Women bring home the bacon

FOr years, women have made about 80% of every dollar that a man makes. It is not until recent generations that women are starting to make some ground over men.
FOr years, women have made about 80% of every dollar that a man makes. It is not until recent generations that women are starting to make some ground over men.

One day in my AP Government class, my teacher asked all of the girls to go to the back of the room, so she could separate us into groups. As the ladies congregated towards the rear, a smarmy boy remarked, “Wow, I didn’t know there was a kitchen back there!”

A walk through a day in high school leaves one riddled with jokes about women belonging solely in the kitchen or the bedroom. However, this social stigma is less than deserved, especially in recent times.

According to an article in the New York Times, more women are going to college than men and these women are more likely to graduate with honors degrees than men.With such honors degrees comes high paying jobs. Women have fought the gender gap in wages for years now, and just recently made ground. This long sought after feat has received much praise, and was even acknowledged by President Obama in his State of the Union.

The statistics proving that women make 80% of what men make has failed to change for decades. That is, until recent generations. According to an article in TIME magazine, “the median full-time salaries of young women are 8% higher than those of the guys in their peer group.” The analysis studied the salaries of young men and women in 147 major US cities, and found that even in our own Raleigh Durham, the average of salary of women stands 14% above our male counterparts.

Those statistics mostly pertain to a younger set of women who recently earned degrees, showing that  men should prepare to move aside for a woman breadwinner. Our society no longer functions through manufacturing and mechanical skill, but rather knowledge, allowing women room to step up.

I’m no stranger to this growing concept: Since we moved to Raleigh, my mom has worked as an executive in the power industry. My dad comfortably settled into a position as stay at home dad– where he cooks dinner for the family, grocery shops weekly, chauffeurs my younger brother and cleans our disastrous house.

The structure of my family never seemed strange to me until I entered high school. All of my friends seemed surprised by the fact that my dad was my caretaker. They asked, “What does your dad even do during the day?” They found it hard to grasp that my dad did the exact same things as their stay at home mom.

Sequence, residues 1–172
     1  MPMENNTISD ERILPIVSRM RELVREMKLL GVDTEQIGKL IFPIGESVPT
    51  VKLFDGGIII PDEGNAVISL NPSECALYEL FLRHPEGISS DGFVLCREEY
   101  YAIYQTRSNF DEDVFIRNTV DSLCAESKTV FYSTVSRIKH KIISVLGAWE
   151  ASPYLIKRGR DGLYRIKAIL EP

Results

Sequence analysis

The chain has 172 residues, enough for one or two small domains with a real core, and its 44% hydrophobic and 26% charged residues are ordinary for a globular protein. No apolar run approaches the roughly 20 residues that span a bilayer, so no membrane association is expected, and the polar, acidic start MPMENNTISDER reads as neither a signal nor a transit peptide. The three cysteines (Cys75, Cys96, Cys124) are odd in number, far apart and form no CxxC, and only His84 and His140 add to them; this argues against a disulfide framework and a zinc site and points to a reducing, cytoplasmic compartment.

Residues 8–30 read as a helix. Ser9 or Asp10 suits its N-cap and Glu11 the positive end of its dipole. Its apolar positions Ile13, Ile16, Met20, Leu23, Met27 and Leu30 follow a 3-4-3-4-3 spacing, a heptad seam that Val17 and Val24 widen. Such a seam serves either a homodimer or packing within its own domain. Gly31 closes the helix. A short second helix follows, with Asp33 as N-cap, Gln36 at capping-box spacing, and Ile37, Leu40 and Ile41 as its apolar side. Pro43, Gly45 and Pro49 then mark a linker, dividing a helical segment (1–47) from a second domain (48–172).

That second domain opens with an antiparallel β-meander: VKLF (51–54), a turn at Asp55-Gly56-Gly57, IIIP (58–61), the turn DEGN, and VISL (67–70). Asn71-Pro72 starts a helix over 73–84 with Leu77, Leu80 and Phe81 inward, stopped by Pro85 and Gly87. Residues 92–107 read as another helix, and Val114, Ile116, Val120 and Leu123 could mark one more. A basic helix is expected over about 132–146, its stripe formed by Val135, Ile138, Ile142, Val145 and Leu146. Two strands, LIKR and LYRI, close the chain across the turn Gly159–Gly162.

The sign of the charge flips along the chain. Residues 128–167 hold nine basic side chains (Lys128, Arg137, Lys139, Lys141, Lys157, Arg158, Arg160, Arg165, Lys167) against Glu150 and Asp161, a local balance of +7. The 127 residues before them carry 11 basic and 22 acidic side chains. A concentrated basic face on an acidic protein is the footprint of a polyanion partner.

The thought of the mom bringing in the main income while the dad cooks and cleans may seem entirely alien to many Leesville students; however, such a trend is much more likely in our era than eras past. According to statistics from the Department for Professional Employees, the number of working women in 1950 was a mere 18.4 million. The same source predicts the women labor force will number 78 million by 2018. These statistics prove that men should prepare to move aside.

Señor Ross, one of Leesville’s prominent male teachers, willingly admits that his wife makes “a lot” more money than he. As an example of the changing stereotypes, Ross explained, “My wife has a really demanding and important job, and her pay shows the hard work that she puts in.”

However, Ross has an explanation for the structure of his family: “Teachers don’t get paid enough for the hard work that they put in, whereas my wife’s job is commensurate with her pay so that could be the reason for it [his wife making more money.]”

In regards to his opinion on the changing social stereotypes, Ross said, “Many of the friends in my social circle still succumb to social norms [male breadwinner, female homemaker,] but I definitely think there’s some truth to the fact that norms are changing for a younger set.”

So watch out boys, women don’t just belong in the kitchen any longer.


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